Crime Tracker Fighting Back: Preventing gun accidents with children

Crime
Believe it or not, 30 children are either killed or injured every day by firearms in the United States.

Most of those incidents result from guns owned by the child’s family or friends.

The startling fact is that most of them are preventable.

Each year, 20,000 children end up in the emergency room as a result of a firearm.

The lucky kids survive, but many die.

“What we do see is usually a kid gets a gun out, and plays with it, and either shoots himself or another child that may be with him,” Lt. Terry Hastings of the Little Rock Police Department said.

A recent study found 63% of firearm injuries involving kids were intentional: from homicides, suicide attempts or encounters with law enforcement.

But the remaining 37% is what’s alarming. All of them were unintentional, meaning young innocent children ended up a victim.

Case in point: on March 10, a 14-year-old boy found a gun inside of a Pine Bluff house, and accidently shot and killed a 12-year old boy.

“It’s devastating,” Neighbor Kristin Hicks said. “You really don’t know what to do or think about the situation.”

Two days later, it happened again: this time in Little Rock.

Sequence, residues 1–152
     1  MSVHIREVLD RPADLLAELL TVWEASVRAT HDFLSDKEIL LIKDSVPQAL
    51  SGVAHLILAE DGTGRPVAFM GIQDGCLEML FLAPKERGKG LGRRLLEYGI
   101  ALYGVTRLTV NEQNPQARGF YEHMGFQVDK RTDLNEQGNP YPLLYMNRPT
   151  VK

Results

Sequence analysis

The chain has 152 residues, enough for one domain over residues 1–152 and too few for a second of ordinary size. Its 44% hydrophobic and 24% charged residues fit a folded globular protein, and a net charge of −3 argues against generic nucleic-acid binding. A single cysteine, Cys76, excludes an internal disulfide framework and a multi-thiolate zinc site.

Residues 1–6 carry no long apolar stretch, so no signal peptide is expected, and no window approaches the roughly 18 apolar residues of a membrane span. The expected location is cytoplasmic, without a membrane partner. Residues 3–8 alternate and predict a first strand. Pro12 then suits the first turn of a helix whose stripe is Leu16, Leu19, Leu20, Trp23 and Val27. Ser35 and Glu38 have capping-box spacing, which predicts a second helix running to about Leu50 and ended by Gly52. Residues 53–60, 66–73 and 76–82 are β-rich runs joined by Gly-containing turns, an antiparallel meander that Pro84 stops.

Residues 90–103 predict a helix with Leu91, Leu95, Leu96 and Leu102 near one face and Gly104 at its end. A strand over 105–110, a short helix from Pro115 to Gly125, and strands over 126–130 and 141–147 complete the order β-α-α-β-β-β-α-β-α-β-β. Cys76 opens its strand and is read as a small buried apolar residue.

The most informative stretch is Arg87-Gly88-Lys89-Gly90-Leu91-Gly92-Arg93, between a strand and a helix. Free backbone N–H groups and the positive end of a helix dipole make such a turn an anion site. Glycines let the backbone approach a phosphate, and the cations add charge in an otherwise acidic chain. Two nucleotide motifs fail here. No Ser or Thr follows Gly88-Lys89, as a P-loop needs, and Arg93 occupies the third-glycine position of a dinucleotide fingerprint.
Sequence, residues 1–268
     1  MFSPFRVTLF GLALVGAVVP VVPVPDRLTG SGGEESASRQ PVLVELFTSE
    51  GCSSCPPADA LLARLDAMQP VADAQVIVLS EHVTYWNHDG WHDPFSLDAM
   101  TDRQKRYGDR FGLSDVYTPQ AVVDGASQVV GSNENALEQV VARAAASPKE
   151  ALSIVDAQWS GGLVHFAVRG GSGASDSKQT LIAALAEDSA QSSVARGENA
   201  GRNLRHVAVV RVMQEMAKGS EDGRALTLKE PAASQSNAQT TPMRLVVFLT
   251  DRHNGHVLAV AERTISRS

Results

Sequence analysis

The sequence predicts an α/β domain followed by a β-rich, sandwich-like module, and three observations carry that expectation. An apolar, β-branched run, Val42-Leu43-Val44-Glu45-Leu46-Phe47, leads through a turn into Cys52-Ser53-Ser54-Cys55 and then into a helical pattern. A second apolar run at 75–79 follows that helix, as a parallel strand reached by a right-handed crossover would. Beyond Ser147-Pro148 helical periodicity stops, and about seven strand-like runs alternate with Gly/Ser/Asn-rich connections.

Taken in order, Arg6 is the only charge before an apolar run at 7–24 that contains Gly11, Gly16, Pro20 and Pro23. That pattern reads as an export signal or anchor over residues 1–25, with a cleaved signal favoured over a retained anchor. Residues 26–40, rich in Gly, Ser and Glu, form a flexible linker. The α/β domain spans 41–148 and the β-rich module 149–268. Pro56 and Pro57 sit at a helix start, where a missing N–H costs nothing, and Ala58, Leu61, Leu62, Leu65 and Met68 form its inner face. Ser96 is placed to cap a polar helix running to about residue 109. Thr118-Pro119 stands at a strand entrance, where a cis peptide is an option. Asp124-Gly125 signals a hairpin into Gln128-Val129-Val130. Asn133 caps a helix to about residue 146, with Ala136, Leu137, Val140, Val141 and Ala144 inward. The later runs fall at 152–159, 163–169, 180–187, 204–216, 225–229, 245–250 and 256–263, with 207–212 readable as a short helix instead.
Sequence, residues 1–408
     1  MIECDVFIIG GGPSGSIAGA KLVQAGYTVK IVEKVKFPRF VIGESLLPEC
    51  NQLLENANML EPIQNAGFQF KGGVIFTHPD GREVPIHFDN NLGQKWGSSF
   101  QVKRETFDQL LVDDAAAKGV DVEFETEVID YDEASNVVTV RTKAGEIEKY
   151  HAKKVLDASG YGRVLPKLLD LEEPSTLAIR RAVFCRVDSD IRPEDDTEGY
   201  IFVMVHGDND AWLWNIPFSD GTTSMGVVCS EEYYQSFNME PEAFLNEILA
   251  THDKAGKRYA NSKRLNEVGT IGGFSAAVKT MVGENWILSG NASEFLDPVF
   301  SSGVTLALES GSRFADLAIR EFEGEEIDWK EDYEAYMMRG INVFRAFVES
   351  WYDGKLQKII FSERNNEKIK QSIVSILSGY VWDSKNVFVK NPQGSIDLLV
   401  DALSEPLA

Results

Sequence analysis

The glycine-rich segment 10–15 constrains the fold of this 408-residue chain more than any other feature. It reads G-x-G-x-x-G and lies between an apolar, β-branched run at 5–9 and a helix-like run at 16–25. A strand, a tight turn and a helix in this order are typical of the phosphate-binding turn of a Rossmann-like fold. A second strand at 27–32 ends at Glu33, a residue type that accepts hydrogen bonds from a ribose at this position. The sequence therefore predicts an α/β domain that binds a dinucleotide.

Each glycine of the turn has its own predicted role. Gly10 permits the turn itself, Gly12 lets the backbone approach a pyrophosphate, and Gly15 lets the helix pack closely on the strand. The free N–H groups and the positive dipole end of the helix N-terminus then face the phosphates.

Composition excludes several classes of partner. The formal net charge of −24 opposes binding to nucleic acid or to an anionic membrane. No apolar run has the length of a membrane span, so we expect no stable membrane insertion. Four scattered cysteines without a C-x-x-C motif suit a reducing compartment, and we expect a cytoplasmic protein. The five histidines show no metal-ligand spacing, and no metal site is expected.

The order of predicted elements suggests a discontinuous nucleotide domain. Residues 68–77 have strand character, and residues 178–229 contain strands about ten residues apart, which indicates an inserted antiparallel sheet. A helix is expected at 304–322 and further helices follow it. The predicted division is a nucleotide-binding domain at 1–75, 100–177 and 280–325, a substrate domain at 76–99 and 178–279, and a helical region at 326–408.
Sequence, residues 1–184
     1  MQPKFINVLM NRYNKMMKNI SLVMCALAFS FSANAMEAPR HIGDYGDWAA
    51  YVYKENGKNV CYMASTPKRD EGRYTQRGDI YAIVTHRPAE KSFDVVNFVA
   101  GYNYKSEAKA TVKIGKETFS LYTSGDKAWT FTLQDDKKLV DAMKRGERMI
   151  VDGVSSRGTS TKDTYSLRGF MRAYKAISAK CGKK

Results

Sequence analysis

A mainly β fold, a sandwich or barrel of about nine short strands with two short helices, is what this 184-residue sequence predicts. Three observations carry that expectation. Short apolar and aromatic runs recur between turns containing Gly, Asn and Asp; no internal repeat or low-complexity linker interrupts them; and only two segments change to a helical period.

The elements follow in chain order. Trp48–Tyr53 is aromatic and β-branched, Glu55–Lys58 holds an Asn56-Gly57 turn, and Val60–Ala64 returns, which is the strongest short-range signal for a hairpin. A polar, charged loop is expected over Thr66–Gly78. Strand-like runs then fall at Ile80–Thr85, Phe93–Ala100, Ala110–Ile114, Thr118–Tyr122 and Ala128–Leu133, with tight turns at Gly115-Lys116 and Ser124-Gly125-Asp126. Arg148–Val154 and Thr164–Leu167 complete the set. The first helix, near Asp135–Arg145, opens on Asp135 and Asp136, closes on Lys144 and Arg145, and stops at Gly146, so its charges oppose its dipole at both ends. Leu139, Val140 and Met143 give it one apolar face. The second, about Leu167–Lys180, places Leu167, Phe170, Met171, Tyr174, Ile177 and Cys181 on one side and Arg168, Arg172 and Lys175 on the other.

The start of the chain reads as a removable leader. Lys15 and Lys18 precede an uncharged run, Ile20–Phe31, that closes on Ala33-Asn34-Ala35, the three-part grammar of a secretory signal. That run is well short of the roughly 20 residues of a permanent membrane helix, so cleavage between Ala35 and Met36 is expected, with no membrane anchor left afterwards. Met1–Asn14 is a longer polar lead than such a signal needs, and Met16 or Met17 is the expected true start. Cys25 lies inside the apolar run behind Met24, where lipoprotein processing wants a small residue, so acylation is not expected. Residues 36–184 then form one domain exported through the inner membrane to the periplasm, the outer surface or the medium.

A nine-year-old girl found a gun inside her parents apartment and then accidentally fired it, killing her seven-year-old brother.

Two shootings. Two deaths. Both accidents.

“The best way to battle this problem is education,” Lt. Hastings said:

For Nicholas and Leann Stehle, gun safety is the top priority in their household and for good reason. The Stehles have two beautiful kids – four-year-old Luke, and 4-month-old Joelle

“We have repeated safety talks and he understands he doesn’t touch them and if he finds one… he’s supposed to tell an adult.” Stehle said:

Stehle, a concealed carry instructor, says there are only two safe places for a firearm.

“One is on your person,” Stehle said. “The other is locked up in a safe.”

Stehle is confident he’s doing everything right to keep his family safe, but he realizes mistakes can be made.

“You just have to make sure you’ve taken the proper precautions in your own home to make sure that absolutely cannot happen.”

But sadly, it does. Of all the accidental shootings involving kids, more than 1/3 take place in the homes of their friends, neighbors or relatives.

Sleepovers or “play days” are a big deal for most kids. They happen all the time. But when was the last time someone asked you, “Do you own a gun?” It’s a question many parents never even think about asking.

Experts say it should be a top priority.

And if the answer is yes, you should follow-up with even more questions.

It might be uncomfortable asking such a personal question – but it’s one you can’t afford not to ask – especially considering what could happen if and when your little one comes across one of these.

The numbers are alarming. But what it boils down to is common sense and education. You must teach your kids what to do if and when they find a gun. And you must take safety precautions in your home, such a buying a safe and gun locks.

But others will argue that your best bet is to not even keep a gun in your home.

That’s a decision every family will have to make.

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